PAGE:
2,300 year old bark shield

I figured this 2,300 year old bark shield could be a worthy addition to our sarcastic discoveries collection. Beauty bark producers gotta be real happy this specific tree bark did not survive to see the light of today's day, otherwise they would be out of business real quick.

Pearl of the day: The bark shield was discovered four years ago in what was once a livestock watering hole, according to a release issued by the University of York. Normally, items made from organic materials, such as bark, don’t preserve well, but in this case, the moist, soggy conditions prevented the shield from degrading.

The entire article sounds like an April Fools prank, but it is not, and they are serious. It's funny and sad at the same time:
  • “The first time I saw the shield I was absolutely awed by it: the complex structure, the careful decorations, and the beautiful boss,” Rachel Crellin, a professor at the University of Leicester who assessed the shield, in the University of York statement.
  • “This truly astonishing and unparalleled artefact has given us an insight into prehistoric technology that we could never have guessed at,” University of York archaeologist Michael Bamforth, who headed the analysis of shield, said in the university’s press release. “Although we know that bark has many uses, including making boxes and containers it doesn’t survive well in the archaeological record.”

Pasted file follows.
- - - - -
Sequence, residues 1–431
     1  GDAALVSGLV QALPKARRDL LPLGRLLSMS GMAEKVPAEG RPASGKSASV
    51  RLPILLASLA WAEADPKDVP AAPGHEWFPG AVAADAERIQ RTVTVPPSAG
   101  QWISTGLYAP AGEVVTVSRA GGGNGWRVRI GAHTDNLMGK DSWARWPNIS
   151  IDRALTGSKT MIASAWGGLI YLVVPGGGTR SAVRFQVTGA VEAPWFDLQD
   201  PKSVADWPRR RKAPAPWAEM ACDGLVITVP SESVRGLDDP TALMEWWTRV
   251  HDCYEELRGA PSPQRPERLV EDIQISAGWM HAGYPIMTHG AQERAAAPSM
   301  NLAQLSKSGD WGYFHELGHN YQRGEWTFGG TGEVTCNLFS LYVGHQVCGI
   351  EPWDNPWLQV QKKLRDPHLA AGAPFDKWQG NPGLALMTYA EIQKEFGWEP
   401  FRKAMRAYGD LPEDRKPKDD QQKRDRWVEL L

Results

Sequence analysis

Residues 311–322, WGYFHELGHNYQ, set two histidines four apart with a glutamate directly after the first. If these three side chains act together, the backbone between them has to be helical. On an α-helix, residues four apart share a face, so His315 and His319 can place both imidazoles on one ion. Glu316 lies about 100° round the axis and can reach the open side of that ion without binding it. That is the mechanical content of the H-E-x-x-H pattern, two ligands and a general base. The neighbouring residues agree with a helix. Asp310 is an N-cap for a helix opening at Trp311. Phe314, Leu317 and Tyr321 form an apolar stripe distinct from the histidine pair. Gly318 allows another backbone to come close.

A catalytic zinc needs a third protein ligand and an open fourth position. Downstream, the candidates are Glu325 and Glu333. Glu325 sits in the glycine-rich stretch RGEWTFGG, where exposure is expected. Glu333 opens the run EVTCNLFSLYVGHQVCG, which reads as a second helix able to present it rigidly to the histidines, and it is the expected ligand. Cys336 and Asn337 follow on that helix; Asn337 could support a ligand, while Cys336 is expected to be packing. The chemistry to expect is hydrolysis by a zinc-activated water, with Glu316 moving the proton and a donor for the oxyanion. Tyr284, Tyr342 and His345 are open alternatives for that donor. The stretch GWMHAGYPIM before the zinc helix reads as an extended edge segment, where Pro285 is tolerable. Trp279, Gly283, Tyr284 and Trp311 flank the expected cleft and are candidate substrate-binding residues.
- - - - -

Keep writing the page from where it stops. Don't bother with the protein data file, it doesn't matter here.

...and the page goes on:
• The shield was “severely damaged” (KD: REALLY?) before it ended up in the watering hole, as noted in the University of York release. This damage was likely caused by spear tips, but the researchers aren’t entirely sure.
  • “The shape of the finished items is fascinating, with differential shrinkage of the wood components causing the shields to curve as they dried. When viewed from the front the rectangular shields appear ‘waisted’ or hour-glass shaped,” according to the University of Leicester. “This may be of some significance, as some metal shields from the period, such as the Battersea Shield in the British Museum, are similar and may be copying the design.”
They actually made one
(with electric wire?)

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The longest lasting landfill items

1. Glass bottles - Time to break down: one million years
2. Disposable nappies / Plastic bottles: 450 years
3. Plastic bags: 200-500 years
4. Aluminium cans: 80-200 years
5. Rubber-soled shoes: 50-80 years
6. Tin cans: 50 years
7. Clothing: up to 40 years
8. Plastic film: 20-30 years
  • clingfilm, magazine wrappers, crisp packets, etc
9. Paper coffee cups: 20 years

Source: Top 10: What are the longest lasting landfill items?

KD: Well, what do you think? Can tree bark make it through 2,300 years to be visible and identifiable?